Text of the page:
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Wine in history: The afterlife

By Stuart Walton |  October 8 2021

Tutankhamun's golden tomb. Photography by istock / Getty Images

Throughout human history, wine and other libations have been central to ceremonies and rituals marking the passage from this world to the afterlife, says Stuart Walton.  

Among the riches uncovered when Howard Carter’s archaeological team finally located the tomb of Egypt’s King Tutankhamun a century ago were 26 wine jars. Crowded into the annex chamber along with containers for unguents and perfumes, these sizeable ceramic vessels each bore a clay seal on which was imprinted the details of the contents—its vintage date, geographical origin, and the name of the winemaker, one “Khaa” in the case of the Western River cru. The identity of the varietals may have escaped the historical record, but we now know for certain that the wine was red. The teenage king was escorted on his journey into the underworld with sufficient provision to sustain the fainting soul.

Inherently mysterious

The inherently mysterious nature of fermented intoxicants in antiquity lent them a spiritual nature, long before distillation into actual spirits had been discovered. There was an elusive something at the heart of wine and beer that made it more than it appeared to be, and that precisely fitted it for those venturing into whatever version of the afterlife individual cultures imagined. The voyage into the hereafter was often portrayed as arduous, a laborious transition from the present world to the divine reward that awaited the noble and the just. If you were going to spend a while in limbo, you might as well pack for the journey. The Egyptians probably believed that the wine would be miraculously replenished in a realm where sublunary physical laws held no sway.

Note that it was wine that accompanied a monarch of the New Kingdom, rather than the demotic beer of the common people. Essentially, though, the souls of the departed were grateful for any liquid refreshment they could get in a netherworld conventionally pictured as arid. The Sumerians piped beer into the graves of their dead through clay tubes to relieve their parched throats, a custom that persisted through to classical Greek and Roman times.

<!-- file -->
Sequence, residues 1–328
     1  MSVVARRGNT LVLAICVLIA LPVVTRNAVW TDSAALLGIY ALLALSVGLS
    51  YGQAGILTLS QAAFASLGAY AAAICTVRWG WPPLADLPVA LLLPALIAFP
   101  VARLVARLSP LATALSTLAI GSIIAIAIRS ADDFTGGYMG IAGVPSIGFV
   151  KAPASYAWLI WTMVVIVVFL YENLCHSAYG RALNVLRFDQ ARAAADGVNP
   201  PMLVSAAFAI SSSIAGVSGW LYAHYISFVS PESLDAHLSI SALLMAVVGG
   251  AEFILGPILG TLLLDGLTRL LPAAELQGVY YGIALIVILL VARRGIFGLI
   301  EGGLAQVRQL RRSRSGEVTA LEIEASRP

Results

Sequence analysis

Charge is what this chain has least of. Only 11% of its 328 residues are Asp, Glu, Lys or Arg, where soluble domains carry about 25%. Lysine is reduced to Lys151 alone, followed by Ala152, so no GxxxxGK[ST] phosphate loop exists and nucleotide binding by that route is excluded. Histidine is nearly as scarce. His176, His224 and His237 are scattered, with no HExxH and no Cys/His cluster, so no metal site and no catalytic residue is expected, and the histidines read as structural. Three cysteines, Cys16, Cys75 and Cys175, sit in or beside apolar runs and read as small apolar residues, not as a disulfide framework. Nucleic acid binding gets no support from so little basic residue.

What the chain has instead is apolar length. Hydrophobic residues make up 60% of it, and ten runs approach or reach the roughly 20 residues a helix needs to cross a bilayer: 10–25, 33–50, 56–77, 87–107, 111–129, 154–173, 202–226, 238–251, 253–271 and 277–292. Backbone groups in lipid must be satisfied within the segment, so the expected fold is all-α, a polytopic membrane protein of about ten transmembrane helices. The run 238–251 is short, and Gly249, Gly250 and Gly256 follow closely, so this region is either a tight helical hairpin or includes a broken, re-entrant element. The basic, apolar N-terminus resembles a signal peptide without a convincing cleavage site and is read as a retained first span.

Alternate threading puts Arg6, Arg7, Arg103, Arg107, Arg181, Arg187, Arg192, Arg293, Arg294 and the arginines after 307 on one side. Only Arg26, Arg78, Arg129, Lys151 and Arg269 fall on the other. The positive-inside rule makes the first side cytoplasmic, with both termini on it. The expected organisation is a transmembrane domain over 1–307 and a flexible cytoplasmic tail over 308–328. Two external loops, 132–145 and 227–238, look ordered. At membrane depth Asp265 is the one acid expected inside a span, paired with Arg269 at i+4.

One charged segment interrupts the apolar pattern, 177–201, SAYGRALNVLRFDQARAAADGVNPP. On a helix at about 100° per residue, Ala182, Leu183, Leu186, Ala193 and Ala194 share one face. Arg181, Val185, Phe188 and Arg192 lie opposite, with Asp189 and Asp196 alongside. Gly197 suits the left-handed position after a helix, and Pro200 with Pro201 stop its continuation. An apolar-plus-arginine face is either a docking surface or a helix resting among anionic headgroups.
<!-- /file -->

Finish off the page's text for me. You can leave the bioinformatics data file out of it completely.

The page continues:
Providing for the afterlife

The practice of providing the dead with wine or beer in the afterworld is closely bound up with the tradition of libation, and the surface-to-tomb feeding tube probably ramified eventually into the simple ritual act of pouring out an offertory liquid on the graves of ancestors, much as it was also poured on altars in honor of tutelary deities. A funeral ceremony—and the anniversary commemoration of those who have passed on—is widely marked throughout many world cultures with the pouring out of a drink that is also shared among the mourners and celebrants. The word “libation” itself derives from the Latin libare, which means both “to taste” and “to pour out,” itself a likely descendant of the Greek λείβειν (leíbein), specifically to pour out a liquid in measured drops.

What is most striking about the practice of funerary libation in the Greco-Roman world is that, if all other amenity was lacking in the obsequies of the humblest members of society, a basic libation was the sine qua non. Virtually nobody was seen off without the ground in which they were interred being anointed. In many instances, it might merely be oil, honey, milk, or even—at the extremity of indigence—plain water, but the nutritive value of fermented drinks matched that of fermented foods like bread in sustaining a soul that had shed its corporeal shell.

Liquor of the gods

Rice wine is spilled in ancestor rituals of great antiquity in eastern Asia. The Shinto shrines of Japan are libated with a ceremonial preparation of sake called miki, “liquor of the gods.” In China, the practice is to pour the wine with both hands in a sweeping gesture from right to left, the same direction in which one reads script. Tombs of the dead are anointed in this way each year. As long ago as the middle Shang Dynasty (c1200 BC), there were concerns that the practice of libation, if carried out too assiduously, seemed to furnish the opportunity for a drinking session among the celebrants, their collective inebriation then giving off a stench that offended Heaven.

The cultural symbolism of libation is not hard to fathom. Once the dead ceased to be buried with provisions for the afterlife, it remained as a final ritual gesture to honour them. The pouring out, without which nobody can drink, is a sublimated form of sacrifice, of offering up something material to the other side, a portion of which the living, in their honour, willingly forgo. Cremation has robbed contemporary mourners of the possibility of anointing the ground into which the dear departed have gone. After my own father’s funeral, we poured the entire tribute of Taittinger down our gullets.

 

 

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